July 7, 2016 Press of Atlantic City
The completion last month of two new drug treatment centers - one in Pleasantville, one in Atlantic City - might seem equivalent to the arrival of a medium-sized business in the service sector. The units of the John Brooks Recovery Center are expected to be approved to start offering treatment this month.
They are in fact a major step toward two of the area's most important goals - countering the opioid drug epidemic and remaking Atlantic City - and the culmination of several years of work by many officials and agencies.
When the state announced the Atlantic City Tourism District six years ago as a central part of efforts to make the city more appealing to tourists, a key element in that vision was to relocate much-needed social services that conflicted with visitors' ideas of a vacation destination. State representatives famously said at the time that the city couldn't simultaneously be the tourism industry's economic engine and the premier site for social agencies for the homeless and drug-addicted.
Moving drug treatment facilities is never easy, since residents think of them much the same way that visitors do. They'd rather not see addicts, even ones getting help. So finding new facilities, lining up the funding and getting the necessary approvals took time. This newspaper supported the efforts with several editorials.
During that time, however, the opioid epidemic took off, forcing agencies and government at all levels to make law enforcement, prevention and treatment top priorities.
In 2014, 64,766 people in New Jersey sought treatment for drug problems, with nearly half addicted to heroin or opioids. State government made funding drug treatment a priority and finally provided much-needed increases in reimbursement rates for treatment centers. The chief executive of the Brooks Recovery Center said it was the first rate increase he'd seen in 11 years.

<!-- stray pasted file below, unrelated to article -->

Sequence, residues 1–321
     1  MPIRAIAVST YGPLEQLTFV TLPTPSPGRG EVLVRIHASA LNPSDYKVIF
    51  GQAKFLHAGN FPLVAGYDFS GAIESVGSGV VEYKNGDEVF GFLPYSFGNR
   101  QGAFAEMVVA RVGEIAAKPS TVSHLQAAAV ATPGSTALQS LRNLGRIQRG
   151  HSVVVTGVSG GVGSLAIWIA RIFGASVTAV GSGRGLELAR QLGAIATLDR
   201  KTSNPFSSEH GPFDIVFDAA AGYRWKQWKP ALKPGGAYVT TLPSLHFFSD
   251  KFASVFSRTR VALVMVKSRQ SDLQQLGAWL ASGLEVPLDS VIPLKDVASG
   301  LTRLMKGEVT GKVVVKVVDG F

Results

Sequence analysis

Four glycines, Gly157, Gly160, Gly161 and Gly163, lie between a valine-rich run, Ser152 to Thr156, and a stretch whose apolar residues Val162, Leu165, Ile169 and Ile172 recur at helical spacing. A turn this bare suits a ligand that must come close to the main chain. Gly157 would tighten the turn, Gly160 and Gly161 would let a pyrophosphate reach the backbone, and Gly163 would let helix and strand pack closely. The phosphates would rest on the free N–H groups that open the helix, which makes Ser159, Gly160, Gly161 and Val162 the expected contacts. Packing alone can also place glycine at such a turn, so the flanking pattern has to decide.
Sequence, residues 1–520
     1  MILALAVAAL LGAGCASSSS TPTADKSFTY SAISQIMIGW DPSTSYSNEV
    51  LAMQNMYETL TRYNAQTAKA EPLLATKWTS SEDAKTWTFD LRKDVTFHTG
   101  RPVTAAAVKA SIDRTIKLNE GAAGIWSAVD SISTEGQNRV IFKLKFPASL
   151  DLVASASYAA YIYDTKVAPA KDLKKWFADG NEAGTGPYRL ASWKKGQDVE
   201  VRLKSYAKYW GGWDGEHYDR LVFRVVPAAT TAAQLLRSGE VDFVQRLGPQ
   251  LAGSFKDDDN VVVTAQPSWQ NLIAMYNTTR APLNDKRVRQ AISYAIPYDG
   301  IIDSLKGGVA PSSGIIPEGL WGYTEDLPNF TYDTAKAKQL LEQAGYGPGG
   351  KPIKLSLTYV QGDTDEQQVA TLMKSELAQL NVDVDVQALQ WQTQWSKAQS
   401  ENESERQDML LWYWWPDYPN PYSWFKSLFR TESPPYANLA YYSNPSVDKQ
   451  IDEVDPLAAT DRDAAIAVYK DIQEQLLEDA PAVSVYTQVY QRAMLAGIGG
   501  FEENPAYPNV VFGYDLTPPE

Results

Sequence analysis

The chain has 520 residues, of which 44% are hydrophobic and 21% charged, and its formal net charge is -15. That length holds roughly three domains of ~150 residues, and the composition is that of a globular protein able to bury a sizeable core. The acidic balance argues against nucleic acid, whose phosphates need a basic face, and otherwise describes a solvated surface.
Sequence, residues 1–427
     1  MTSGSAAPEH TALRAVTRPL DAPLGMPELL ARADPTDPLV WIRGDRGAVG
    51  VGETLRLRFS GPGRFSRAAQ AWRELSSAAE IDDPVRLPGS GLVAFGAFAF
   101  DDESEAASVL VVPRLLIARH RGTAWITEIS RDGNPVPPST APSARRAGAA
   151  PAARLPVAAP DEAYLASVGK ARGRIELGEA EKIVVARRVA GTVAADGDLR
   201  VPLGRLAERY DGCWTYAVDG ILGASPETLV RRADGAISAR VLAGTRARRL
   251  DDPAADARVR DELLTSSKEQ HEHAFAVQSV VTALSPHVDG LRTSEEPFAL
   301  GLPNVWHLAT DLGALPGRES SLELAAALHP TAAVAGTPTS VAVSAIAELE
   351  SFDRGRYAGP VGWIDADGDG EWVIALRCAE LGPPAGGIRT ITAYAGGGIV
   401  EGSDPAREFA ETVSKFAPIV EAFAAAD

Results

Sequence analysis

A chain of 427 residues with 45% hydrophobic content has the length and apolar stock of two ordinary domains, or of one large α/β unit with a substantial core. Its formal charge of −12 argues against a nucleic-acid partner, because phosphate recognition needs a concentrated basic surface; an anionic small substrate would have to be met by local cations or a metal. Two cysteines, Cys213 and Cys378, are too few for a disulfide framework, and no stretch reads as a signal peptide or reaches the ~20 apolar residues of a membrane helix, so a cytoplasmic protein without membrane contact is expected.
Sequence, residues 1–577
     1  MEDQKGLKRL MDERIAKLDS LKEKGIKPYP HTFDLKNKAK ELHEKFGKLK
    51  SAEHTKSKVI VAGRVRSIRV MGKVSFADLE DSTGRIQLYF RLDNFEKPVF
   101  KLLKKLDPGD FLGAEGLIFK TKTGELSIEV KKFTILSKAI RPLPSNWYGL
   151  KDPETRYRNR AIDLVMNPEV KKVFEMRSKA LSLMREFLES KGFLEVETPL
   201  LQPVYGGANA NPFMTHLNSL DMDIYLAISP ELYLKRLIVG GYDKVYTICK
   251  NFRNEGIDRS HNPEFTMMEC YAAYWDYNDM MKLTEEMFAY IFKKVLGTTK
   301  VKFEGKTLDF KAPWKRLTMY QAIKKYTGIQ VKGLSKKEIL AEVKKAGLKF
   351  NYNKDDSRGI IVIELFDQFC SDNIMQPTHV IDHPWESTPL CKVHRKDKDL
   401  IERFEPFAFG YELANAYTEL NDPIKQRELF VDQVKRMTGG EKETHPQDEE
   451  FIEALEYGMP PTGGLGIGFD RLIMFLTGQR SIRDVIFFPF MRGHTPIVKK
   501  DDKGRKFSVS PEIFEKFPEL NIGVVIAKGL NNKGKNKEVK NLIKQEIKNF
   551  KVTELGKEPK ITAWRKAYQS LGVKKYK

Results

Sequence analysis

That and funding by the Casino Reinvestment Development Authority allowed the center to develop the new facilities. One in Atlantic City for city residents will provide intensive outpatient treatment to 30 addicts and medically assisted recovery to up to 300 more.
A waiting room for those getting medicine means no more lines out the door and into the street. Eventually, the facility will move out of the Tourism District.
The larger $3.2 million center for area residents living elsewhere is already outside the district, in the eastern end of the Pleasantville Shopping Center. The 20,000-square-foot facility will serve as many as 700 clients.
Pleasantville residents and their representatives were concerned about safety and objected to the location initially. Now, they seem more accepting of the need to be partners in the fight against substance abuse and of assurances from recovery center officials that an acceptable outside environment will be maintained.
The location has many advantages - lots of parking, on a major highway (Black Horse Pike) with bus service and somewhat on its own at the end of the strip mall.
We like the location, and we know it well. It's in our neighborhood. The back of the Brooks Recovery Center Pleasantville is visible from some of the windows at The Press of Atlantic City. Some of our staffers pass it every day, and we'll be among the first to know if there's a problem.
We don't expect that. We expect this to be a big piece of a bigger success in combating the opioid crisis and polishing the Atlantic City Tourism District.
We welcome those gains, and these facilities.